China had a culture as noteworthy as Egypt’s or Mesopotamia’s, which, in its turn, influenced India and Arabia. It is true that there have been books on odontology, but they have not been published (Mildner 1964). From the books on history, law, religious cults, and devotional writing in ancient Israel, one cannot expect anything serious concerning medicine or odontology in particular. And if a man smite the eye of his servant, or the eye of his maid, that it perish, he shall let him go free for his eye’s sake (Mironow 1961) (Exodus 21, 24).
And if he smite out his manservants tooth or his maidservants tooth, he shall let him go free for his tooth sake (Exodus 21: 26–27). Jewish law, as well as Babylonian law, ranked the value of the tooth straight after the eye (Eye for eye, tooth for tooth, hand for hand, foot for foot (Exodus 21, 24 and Talmud fifth century ad)). The replaced tooth in the Talmud is treated as a cosmetic intervention under “female ornaments.” The artificial tooth was made by a craftsman and had therefore nothing to do with medicine (Nobel 1909). The first denture was found in a tomb near Saida in Phoenicia, two right incisors tied together with a gold thread and fixed to the dental neck of the neighboring teeth by means of a loop of gold wire (Renan 1864). Even for ancient Greece, where there was no subdivision into different branches of medicine, it can be proven that there were no medics specializing in odontology.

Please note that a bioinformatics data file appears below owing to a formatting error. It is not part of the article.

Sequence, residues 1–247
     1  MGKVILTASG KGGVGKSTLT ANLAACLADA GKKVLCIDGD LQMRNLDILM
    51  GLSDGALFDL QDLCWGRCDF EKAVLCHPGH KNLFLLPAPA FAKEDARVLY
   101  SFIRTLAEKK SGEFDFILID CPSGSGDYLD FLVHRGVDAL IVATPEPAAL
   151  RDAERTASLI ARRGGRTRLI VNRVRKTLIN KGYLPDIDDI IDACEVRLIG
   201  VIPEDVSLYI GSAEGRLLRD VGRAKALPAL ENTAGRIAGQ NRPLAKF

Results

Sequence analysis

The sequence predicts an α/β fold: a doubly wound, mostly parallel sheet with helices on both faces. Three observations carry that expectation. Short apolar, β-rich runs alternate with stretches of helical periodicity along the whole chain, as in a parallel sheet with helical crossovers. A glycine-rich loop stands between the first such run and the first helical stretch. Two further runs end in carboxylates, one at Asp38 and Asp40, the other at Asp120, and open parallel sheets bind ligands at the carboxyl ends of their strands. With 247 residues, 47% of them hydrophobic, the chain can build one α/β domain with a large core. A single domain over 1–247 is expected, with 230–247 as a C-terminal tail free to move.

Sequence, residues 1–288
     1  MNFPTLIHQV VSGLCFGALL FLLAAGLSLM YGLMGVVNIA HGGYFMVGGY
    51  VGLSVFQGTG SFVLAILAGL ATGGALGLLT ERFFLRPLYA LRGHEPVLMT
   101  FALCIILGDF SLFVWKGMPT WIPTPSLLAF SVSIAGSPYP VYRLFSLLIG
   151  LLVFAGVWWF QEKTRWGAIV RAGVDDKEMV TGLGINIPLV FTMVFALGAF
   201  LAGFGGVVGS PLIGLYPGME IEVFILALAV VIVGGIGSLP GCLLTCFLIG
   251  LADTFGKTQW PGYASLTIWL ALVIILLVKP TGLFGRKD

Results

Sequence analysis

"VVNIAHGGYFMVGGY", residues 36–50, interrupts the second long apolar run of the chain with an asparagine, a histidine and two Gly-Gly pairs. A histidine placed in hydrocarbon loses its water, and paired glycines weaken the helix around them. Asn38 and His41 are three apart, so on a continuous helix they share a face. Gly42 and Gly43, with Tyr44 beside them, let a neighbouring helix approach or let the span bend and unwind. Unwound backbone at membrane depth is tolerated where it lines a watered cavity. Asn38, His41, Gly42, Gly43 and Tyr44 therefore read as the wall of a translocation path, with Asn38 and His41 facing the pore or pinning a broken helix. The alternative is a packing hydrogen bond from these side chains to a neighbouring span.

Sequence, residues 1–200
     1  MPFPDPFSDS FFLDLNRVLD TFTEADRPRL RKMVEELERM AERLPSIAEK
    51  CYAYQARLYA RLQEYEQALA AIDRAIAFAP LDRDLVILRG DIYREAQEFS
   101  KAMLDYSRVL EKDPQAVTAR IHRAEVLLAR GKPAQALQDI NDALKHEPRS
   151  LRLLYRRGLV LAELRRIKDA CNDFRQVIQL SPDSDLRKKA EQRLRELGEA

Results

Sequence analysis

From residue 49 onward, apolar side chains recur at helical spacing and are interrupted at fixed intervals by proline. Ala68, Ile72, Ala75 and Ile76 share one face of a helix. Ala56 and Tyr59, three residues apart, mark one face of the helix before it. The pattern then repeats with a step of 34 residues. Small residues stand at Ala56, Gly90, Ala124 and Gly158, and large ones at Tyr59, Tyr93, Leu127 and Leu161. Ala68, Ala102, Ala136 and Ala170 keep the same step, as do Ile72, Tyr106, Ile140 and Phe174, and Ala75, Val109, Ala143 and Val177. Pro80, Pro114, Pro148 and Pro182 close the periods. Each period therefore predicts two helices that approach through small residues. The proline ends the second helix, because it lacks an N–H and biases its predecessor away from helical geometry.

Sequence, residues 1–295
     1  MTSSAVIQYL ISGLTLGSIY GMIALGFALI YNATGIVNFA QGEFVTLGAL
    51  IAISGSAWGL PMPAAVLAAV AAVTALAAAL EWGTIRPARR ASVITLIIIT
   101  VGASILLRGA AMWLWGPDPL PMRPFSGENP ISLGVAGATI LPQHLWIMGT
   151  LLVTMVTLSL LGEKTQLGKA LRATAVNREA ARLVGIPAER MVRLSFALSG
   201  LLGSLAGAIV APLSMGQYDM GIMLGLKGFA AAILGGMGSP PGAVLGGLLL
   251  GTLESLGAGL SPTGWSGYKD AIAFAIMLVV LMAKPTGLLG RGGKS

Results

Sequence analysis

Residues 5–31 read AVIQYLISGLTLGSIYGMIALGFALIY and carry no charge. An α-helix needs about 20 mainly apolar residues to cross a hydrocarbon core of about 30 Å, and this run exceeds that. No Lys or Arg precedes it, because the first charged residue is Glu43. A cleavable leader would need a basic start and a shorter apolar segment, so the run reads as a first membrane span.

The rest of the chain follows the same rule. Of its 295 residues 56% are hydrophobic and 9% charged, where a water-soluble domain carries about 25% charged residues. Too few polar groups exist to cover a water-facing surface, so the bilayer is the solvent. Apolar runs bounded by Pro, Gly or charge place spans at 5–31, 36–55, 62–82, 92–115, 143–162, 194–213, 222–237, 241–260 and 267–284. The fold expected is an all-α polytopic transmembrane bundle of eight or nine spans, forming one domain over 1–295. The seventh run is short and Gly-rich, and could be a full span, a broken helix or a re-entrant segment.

The therapies of Hippocrates, Archigenes, Celsus, and Galenus were most remarkable. The first Roman laws, written down ca 450 bc, mention gold threads to tie teeth together. The law of the Twelve Slabs (302 ab urbe condita) stated: Do not throw any gold onto the stakes where dead bodies are burnt, but you may burn the deceased with the gold that keeps his teeth together without violating the law.
Ancient Roman medicine was part of religion and magic. The first medics were slaves, people set free, or adventurers. Aeneas had soldiers and officers skilled in the art of healing, which they performed only occasionally, because they were mainly trained to fight. Roman law subsumed injuries of the teeth to injuries in general. In ancient Greece and Rome, there are no traces of expert witnesses, although in both societies the law developed in a rather complicated way and both societies had a high standard of medical knowledge. The fall of the Greek and Roman empires led to a decline in culture and affected a step backward in medicine and at the same time in odontology (Geist-Jacobi 1905).
Until the beginning of the Christian calendar, there had been no odontology on its own. In theory and practice, it had always been part of general medicine, which was preferably performed by priests or medical men who had come from the priest’s caste.